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joejoe May-09-14 1:19 PM EDT

Custom Upperacase and Lowercase

While the program does not support it directly, case can be changed using the Full Regular Expressions option (starting in v3.9).

\L1 inserts lowercase for the first backreference
\U1 inserts uppercase for the first backreference

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[Examples]

Find and Replace: ^(.)
With: \L1

This will find the first character and replace it with a lowercase.


Find and Replace: ([A-Z])([a-z])
With: \1\U2

This will find all instances of an uppercase letter followed by a lowercase letter and replace only the second character with an uppercase letter.

joejoe Aug-13-13 5:34 PM EDT

Renaming using Case Sensitive options

RM is designed to be case insensitive, meaning "C" and "c" are treated the same. As a workaround, RM can use the Full Regular expression option under "Case & Wildcards". This options lets you define a group of characters.

As an example, a user wanted to add a space in front of any capital letter for a name like the following: ThisIsAnExampleOfWords. Using the phrase "[A-Z]", without the quotes, is a substitution group that means any uppercase letter. Using the Add Before/After step, you can easily add a space before the phrase "[A-Z]". While this works for the most part, it doesn't account for many unwanted cases.

Using the new Find and Edit step, the phrase "[a-z][A-Z][a-z]" can be searched for and a space can be inserted in position 2. This phrase is very specific. The preceding letter must be lower case, the target letter must be upper case followed by a lower case letter. These rules means the letter cannot be at the beginning or ending of the name, and must be a single capital letter.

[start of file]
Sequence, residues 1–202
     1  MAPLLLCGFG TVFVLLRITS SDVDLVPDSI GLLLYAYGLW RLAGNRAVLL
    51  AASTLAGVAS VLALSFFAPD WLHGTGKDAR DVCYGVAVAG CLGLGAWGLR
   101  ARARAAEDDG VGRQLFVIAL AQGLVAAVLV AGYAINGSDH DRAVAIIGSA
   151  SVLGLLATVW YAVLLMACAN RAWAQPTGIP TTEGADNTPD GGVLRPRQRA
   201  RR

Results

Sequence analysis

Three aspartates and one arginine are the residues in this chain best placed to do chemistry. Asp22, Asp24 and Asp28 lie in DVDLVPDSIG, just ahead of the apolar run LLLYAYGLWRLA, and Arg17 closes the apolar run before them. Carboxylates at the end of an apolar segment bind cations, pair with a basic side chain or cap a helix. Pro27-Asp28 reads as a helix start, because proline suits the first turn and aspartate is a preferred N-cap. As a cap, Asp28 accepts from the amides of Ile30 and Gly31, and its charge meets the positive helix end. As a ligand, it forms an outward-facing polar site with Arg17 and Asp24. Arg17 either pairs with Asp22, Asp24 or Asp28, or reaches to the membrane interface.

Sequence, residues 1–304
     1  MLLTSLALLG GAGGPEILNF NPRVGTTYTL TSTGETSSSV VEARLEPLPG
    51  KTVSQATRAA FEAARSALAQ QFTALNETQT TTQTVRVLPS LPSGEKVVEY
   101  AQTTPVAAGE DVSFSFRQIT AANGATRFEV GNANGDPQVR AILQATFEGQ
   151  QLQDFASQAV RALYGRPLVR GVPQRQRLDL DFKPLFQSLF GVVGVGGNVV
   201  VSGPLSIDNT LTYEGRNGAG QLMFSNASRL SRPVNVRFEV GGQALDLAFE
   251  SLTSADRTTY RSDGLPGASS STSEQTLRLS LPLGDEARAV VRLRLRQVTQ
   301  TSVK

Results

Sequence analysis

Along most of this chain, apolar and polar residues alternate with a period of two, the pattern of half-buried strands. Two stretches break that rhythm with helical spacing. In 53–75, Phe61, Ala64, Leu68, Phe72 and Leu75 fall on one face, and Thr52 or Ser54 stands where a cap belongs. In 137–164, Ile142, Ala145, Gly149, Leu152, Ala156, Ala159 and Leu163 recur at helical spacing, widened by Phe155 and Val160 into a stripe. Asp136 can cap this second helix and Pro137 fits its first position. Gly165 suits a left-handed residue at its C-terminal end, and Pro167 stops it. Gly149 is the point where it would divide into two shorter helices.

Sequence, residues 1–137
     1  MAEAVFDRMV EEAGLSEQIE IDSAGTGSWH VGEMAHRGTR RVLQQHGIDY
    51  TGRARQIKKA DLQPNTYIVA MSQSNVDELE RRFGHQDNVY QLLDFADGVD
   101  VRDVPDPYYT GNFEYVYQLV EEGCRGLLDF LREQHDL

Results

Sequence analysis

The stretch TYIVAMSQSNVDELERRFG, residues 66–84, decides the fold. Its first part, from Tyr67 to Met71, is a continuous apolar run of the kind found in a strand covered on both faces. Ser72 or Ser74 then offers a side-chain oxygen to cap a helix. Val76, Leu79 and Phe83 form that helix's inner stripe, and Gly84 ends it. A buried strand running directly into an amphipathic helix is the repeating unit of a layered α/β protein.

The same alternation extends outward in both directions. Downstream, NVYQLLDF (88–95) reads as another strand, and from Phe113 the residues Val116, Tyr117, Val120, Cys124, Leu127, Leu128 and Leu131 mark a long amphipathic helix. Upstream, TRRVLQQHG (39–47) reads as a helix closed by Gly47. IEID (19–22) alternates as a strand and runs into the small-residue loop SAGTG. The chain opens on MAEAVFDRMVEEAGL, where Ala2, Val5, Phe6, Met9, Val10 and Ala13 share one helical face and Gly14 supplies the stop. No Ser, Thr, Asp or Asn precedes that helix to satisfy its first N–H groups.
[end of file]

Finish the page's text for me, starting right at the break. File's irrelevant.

These names do not apply:
Spaces and dashes-In The Name Already
TOOmanyCAPITALletters

These names...
OnlySingleCapitals
SOMENamesWillBeSeparated

will become:
Only Single Capitals
SOMEName Will Be Separated

joejoe Feb-07-11 2:33 PM EST

Random Numbers

In this example, the user wanted to insert a random number at the beginning of the filename. Most of the time, usually this is just a work-around for really poor programs or devices that don't have a Shuffle function. Rarely, I've seen a few cases where this is to remove filename collisions.

While RM does not currently have a random number meta-variable, you can fake it with a quazi random number. By inserting just the seconds part of the time from a date, this is most likely close enough for most cases - except if you copy all the files to the computer at one time. You can, however, also use the lowest numbers form the size of the file to also make a seemingly random number since the least significant bits will be much more varied.

The following variables will insert the Date-Modified and Date-Created formatted as only second:

?dmo:Fss? ?dc:Fss?

The ?zn? meta-variable for file size can be inserted into the beginning of the filename. Using the Substring formatting option, you can show only the last three digits when the file is seven digits in length in the following example :